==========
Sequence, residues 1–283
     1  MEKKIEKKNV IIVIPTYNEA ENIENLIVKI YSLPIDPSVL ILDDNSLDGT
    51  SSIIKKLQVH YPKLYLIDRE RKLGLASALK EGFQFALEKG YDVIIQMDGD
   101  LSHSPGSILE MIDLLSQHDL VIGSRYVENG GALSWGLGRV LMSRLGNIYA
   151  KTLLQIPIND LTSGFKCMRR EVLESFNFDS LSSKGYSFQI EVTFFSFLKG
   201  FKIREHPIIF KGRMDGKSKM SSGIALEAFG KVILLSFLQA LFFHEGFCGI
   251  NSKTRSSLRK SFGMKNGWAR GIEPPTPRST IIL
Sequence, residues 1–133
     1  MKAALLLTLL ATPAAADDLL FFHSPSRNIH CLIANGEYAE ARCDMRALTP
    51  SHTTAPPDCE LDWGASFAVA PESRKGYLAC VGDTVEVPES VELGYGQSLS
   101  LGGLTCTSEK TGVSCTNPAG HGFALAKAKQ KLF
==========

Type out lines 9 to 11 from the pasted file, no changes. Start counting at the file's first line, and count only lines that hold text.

     1  MKAALLLTLL ATPAAADDLL FFHSPSRNIH CLIANGEYAE ARCDMRALTP
    51  SHTTAPPDCE LDWGASFAVA PESRKGYLAC VGDTVEVPES VELGYGQSLS
   101  LGGLTCTSEK TGVSCTNPAG HGFALAKAKQ KLF